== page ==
I was thinking it would be diagnosed if you attempted to assign from your attributed type to a type that is not compatible. However, that may still be problematic because it raises other questions (can you SFINAE on it? Overload? etc).

urusant updated this revision to Diff 71921.Sep 20 2016, 6:22 AM

We try to keep our tests segregated by functionality. e.g., tests relating to the way the attribute is handled (what it appertains to, args, etc) should live in Sema, tests relating to the static analyzer behavior should live in test/Analysis, etc.

Tests that are still missing are: applying to a non-function type, applying to a member function, applying to an Obj-C method. For member functions, what should happen if the function is virtual? What if the overriders do not specify the attribute? What if an override specifies the attribute but the base does not?

I have added the test cases about member functions.
As for ObjC methods, I didn't pay much attention to them while developing the check as ObjC wasn't the primary target. I tried to make a test case for it, and it turned out that it is OK to put an attribute on ObjC method, but you wouldn't get neither compiler warning nor StaticAnalyzer report. That is why I removed ObjC methods from the attribute subjects and replaced the ObjC test case with another one that shows that you cannot apply the attribute to ObjC methods (not sure if it is still necessary, because it seems not very different from applying the attribute to a non-function variable - in both cases we get the same warning). Do you think it's worth digging into how to make it work with ObjC? In this case I might need some help because I don't really speak Objective C.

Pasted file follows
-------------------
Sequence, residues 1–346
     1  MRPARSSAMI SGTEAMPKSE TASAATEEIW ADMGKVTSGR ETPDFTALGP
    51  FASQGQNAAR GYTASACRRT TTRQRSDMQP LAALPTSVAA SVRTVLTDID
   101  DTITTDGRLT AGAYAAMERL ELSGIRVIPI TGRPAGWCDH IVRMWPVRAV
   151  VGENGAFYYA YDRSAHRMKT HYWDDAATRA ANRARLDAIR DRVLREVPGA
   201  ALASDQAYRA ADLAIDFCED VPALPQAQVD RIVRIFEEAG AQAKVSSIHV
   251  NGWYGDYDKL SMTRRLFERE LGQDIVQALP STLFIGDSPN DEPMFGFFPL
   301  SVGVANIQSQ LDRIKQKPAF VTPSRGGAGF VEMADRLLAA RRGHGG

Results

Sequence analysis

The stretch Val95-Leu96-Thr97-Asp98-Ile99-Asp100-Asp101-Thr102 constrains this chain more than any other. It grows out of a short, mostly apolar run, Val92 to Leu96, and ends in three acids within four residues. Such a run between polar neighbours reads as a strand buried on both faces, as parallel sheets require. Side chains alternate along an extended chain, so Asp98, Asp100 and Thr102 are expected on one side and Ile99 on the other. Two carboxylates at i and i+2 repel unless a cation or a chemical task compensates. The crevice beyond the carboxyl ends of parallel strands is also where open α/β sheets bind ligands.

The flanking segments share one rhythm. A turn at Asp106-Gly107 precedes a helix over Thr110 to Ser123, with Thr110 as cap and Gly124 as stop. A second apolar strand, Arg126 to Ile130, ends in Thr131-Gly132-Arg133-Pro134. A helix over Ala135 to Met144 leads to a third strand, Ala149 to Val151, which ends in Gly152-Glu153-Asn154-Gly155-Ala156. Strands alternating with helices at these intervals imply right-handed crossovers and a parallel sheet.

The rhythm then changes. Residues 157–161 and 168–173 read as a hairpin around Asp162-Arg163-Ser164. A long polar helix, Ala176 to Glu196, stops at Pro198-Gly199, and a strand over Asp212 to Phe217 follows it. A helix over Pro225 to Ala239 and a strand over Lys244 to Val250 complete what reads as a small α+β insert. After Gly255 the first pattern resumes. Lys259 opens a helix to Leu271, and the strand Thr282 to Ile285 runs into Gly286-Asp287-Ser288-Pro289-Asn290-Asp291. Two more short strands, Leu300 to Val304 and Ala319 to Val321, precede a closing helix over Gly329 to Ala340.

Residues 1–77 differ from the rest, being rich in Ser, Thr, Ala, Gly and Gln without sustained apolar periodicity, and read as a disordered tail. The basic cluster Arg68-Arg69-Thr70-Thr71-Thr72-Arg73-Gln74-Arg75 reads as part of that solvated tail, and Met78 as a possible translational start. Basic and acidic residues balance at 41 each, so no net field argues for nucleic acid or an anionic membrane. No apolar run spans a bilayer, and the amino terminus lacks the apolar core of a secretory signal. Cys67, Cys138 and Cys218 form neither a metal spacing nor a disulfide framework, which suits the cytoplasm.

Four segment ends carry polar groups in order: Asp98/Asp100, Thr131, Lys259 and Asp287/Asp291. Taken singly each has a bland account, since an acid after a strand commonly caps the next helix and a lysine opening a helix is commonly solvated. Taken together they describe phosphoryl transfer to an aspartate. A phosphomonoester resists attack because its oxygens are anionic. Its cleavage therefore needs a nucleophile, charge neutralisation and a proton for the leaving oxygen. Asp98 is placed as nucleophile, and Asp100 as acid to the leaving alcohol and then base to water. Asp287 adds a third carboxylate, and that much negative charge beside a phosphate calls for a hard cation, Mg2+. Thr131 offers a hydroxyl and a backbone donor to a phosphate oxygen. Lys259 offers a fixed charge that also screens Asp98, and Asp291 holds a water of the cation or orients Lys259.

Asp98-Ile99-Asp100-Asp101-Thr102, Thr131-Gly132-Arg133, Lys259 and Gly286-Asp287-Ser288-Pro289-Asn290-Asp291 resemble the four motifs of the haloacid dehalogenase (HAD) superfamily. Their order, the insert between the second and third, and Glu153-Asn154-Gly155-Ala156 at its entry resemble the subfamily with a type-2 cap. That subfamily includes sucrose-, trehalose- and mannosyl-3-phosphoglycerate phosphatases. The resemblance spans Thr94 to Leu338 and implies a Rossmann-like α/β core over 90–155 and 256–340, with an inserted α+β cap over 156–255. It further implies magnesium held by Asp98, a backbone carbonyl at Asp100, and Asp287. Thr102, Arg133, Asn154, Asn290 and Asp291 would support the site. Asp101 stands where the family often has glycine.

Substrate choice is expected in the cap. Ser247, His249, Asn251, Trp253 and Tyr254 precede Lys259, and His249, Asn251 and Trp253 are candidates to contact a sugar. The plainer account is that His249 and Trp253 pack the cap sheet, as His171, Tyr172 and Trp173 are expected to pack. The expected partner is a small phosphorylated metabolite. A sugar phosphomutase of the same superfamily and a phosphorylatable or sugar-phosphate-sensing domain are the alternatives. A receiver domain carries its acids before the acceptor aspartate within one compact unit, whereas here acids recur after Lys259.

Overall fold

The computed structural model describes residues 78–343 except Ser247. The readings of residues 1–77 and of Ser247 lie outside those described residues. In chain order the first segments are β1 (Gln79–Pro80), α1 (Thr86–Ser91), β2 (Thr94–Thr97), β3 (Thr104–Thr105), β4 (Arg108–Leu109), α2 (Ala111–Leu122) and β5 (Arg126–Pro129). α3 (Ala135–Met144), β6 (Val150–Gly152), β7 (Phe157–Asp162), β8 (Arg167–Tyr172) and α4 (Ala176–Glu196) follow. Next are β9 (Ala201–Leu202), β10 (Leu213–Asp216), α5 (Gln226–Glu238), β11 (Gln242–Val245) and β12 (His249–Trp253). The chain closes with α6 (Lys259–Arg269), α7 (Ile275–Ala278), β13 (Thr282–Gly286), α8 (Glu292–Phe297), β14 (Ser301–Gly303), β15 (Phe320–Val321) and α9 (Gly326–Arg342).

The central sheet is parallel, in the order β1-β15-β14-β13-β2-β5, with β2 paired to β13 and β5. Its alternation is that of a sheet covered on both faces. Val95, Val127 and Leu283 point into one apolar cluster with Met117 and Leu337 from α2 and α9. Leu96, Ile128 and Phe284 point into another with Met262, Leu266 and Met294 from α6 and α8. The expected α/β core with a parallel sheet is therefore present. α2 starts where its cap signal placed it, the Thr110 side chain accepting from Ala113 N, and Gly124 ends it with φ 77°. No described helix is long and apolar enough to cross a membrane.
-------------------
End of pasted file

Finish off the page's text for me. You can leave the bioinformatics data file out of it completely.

Have you considered making this a type attribute on the return type of the function rather than a declaration attribute on the function declaration?

No, I hadn't. On a quick look though, I couldn't find a way to simplify my solution using this idea, because as far as I understand, the type attribute isn't inherited, so, for example, if I have something like int r = X509_verify_cert(...) and the function X509_verify_cert has a return type with attribute, r won't have the attribute. If that is correct, we still need to backtrace the value to the function declaration. Is there something I am missing?

I was thinking it would be diagnosed if you attempted to assign from your attributed type to a type that is not compatible. However, that may still be problematic because it raises other questions (can you SFINAE on it? Overload? etc).